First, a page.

and Kuwait should from now on be engaged in
a "normal relation based on mutual respect of
security, dignity and territorial integrity" for
both countries, according to the Iraqi Ministry
of Foreign Relations.

Arab diplomats admit off the record that to
maintain its control of the oil flow from the
Middle East, the US has been manipulating Saudi
and Kuwaiti fears of Iraq for too long: more than
11 years.

Iraqi Foreign Minister Naji Sabri, present in
Beirut, has repeatedly made the point that the
summit "considered any threat against any Arab
country, especially Iraq, as against national
Arab security". Sabri stressed the "very positive
atmosphere" when Izzat Ibrahim met Saudi Crown
Prince Abdullah bin Abdul Aziz, whose "land for
peace" proposition was unanimously adopted in

After Beirut, it would be politically and morally
impossible for any Arab state to offer its bases
to the US military in the event of an attack
against Iraq.

But Asia Times Online has learned from an
European diplomatic source in the Middle East -
who insisted on remaining anonymous - that this
is all talk. US Vice President Dick Cheney, in
his recent 11-stop Middle East trip, may have
cajoled a host of Arab countries to give the US
the green light for an attack.

In Baghdad as well as Damascus, Beirut and Cairo,
the US response to the Arab unity in Beirut has
been interpreted as approval for Israel to
destroy the Palestinian infrastructure. This
would be the first step. The next would be to
destroy Iraq's crumbling infrastructure - again.

According to the Iraqi daily al-Joumhouriya,
destroying Iraq's capacity to develop is
essential for the US because "this is the only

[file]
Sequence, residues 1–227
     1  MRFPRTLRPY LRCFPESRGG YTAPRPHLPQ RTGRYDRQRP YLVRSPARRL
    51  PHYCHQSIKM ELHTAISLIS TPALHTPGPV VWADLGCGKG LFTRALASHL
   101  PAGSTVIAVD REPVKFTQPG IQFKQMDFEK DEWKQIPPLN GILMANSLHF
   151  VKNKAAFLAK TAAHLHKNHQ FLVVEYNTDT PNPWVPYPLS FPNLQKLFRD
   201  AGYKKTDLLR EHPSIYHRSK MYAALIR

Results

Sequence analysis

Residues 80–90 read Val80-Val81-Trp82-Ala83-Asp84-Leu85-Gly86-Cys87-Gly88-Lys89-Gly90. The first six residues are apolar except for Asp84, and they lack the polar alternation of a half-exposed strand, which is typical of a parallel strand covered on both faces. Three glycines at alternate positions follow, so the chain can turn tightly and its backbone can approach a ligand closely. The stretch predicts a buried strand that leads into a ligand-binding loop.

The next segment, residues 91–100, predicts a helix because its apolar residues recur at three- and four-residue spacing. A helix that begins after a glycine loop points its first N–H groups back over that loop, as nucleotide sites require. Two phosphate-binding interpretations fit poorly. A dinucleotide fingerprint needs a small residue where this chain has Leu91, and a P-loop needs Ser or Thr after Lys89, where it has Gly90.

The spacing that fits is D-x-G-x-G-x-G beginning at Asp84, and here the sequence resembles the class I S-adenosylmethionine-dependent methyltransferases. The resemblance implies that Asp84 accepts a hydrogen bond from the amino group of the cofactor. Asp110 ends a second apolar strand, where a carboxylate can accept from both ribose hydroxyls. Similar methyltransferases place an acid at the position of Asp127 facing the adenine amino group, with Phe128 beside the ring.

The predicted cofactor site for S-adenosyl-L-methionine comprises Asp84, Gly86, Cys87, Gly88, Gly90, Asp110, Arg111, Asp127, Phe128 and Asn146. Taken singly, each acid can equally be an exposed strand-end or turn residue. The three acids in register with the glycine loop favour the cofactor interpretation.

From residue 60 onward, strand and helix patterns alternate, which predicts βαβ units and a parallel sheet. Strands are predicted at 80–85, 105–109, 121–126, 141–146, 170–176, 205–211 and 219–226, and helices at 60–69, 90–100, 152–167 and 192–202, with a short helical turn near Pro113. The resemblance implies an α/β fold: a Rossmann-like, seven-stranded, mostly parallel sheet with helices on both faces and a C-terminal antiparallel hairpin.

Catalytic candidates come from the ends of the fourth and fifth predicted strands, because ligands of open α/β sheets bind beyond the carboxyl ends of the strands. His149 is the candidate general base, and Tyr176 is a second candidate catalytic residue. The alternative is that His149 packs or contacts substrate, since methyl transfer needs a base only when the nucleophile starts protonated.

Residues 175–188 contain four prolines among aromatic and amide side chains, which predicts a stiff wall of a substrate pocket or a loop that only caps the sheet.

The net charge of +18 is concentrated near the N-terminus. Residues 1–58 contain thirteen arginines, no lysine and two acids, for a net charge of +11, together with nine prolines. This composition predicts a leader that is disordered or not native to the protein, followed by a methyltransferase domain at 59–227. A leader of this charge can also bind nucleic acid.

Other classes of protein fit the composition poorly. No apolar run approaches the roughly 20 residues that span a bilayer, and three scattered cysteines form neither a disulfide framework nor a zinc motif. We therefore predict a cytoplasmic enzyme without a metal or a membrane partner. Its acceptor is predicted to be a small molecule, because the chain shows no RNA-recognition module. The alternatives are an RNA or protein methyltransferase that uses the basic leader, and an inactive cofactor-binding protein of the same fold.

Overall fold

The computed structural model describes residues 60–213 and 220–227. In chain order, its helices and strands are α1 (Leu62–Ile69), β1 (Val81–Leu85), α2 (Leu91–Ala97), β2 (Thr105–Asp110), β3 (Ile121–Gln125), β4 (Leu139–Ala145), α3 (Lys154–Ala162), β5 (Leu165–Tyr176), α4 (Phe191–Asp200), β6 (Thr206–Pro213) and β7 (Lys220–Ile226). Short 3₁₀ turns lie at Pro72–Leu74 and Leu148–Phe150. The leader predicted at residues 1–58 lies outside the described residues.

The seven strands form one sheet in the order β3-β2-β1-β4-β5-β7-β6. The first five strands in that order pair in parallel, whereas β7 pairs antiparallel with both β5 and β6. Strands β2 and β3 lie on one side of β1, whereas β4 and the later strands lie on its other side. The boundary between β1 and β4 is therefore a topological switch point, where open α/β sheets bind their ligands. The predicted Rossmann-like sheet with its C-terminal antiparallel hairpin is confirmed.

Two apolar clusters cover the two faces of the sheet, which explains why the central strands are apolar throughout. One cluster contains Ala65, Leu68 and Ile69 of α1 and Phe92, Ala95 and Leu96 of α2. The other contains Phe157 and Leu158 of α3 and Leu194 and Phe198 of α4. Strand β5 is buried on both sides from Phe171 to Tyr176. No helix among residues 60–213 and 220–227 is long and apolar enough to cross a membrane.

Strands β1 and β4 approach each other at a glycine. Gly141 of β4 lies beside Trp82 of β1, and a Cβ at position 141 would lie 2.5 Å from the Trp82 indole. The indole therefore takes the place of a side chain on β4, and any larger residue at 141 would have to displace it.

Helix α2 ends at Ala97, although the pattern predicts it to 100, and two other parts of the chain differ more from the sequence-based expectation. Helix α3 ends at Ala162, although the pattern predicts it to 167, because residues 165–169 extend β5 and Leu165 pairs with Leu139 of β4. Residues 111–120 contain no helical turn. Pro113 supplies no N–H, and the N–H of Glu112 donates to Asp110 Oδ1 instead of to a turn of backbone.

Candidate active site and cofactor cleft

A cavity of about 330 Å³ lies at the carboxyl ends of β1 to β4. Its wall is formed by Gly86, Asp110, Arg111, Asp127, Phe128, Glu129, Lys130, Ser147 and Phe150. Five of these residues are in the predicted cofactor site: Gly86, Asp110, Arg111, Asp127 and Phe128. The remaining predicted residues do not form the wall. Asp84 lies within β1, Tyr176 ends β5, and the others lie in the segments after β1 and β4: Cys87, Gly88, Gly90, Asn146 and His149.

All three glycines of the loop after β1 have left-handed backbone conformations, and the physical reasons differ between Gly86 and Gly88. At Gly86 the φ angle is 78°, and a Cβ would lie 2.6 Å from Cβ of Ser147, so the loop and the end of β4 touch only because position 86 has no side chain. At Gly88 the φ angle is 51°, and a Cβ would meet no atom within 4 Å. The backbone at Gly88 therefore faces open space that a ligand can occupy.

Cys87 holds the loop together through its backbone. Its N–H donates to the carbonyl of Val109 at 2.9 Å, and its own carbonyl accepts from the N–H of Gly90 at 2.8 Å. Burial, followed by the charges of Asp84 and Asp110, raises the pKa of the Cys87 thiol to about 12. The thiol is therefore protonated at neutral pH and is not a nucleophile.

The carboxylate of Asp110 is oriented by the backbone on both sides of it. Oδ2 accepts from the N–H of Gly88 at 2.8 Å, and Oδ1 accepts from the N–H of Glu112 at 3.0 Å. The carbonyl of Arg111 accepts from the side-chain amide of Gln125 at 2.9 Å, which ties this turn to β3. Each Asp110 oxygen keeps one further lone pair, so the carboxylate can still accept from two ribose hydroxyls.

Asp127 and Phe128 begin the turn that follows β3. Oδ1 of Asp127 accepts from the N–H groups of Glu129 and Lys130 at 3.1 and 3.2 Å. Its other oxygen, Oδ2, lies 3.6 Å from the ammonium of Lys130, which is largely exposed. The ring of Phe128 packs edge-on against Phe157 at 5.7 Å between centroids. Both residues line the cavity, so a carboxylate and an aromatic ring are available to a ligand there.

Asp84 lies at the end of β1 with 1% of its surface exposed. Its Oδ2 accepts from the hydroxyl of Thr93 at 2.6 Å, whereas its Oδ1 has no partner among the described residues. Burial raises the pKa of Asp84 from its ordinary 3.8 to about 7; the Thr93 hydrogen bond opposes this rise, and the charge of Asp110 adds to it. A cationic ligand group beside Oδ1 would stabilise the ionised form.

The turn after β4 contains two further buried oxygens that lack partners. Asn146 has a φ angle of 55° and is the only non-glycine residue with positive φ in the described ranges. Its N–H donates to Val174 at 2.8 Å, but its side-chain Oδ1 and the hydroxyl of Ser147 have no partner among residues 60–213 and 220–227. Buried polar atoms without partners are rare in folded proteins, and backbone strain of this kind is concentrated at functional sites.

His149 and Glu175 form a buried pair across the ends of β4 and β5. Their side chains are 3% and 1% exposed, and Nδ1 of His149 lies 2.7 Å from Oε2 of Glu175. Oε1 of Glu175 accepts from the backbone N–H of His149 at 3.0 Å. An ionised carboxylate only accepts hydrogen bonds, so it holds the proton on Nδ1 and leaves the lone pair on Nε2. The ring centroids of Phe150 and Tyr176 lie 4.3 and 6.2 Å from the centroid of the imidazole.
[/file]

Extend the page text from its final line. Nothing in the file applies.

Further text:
Arab and Islamic force which actively opposes the
expansion of Zionism". The "Zionist entity" is
unanimously accused in Iraq of being "based on
military terrorism, religious fundamentalism and
expansionist policies". The "terrorist" Ariel
Sharon (as the Israeli premier is known in Iraq)
in ordering his tanks to destroy the West Bank
does not exactly contradict the Iraqi perception.

Nasra al-Sadoon, editor of the Iraq Daily,
accuses the United Nations of "ignoring the
Zionist occupation of Arab lands of three states,
the right of return to all Palestinian refugees,
and the right to a safe life for the population
living in the occupied land".

For al-Ahram Weekly Online, "the goal of
eliminating weapons of mass destruction" in Iraq
was used to maintain and prolong sanctions. After
years of inspection and destruction, the
elimination of the no longer existing weapons,
together with unfounded accusations of
international terrorism, "are now used to wreak
further destruction on Iraq and install a puppet
regime that will conclude a peace treaty with
Israel". It's fair to say that this is the
consensus in Baghdad - even among people who are
not affiliated to the Baath Party.

For the daily Babil, the US target is "the
installation of an American military base in
Iraq". But the US supreme interest, viewed from
Iraq, is of course oil. According to al-
Joumhouriya, "if the embargo was lifted, Iraq
would double its oil production, from 3.3 million
to 6.6 million barrels a day". This would force
other oil-producing countries to reduce their
level of production to prevent lower prices. "And
so the Arab oil market would evade the control of
the Americans."

Iraq is unanimously accusing the US of "naked
imperialism". It's unlikely that the US will
remain silent for too long.

*  IRAQ DIARY, Part 4: Sorry, your credit is no
by Pepe Escobar
Asia Times, 3rd April
  BAGHDAD - The United States consistently
accuses Iraq of being a country incapable of
development, and under a "merciless Stalinist
dictatorship". Iraq consistently accuses the US
of enforcing an inhuman embargo which has caused
hundreds of thousands of civilian deaths. Some
voices in the West recognize that the United
Nations embargo and sanctions are not only
playing against the interests of Iraq, but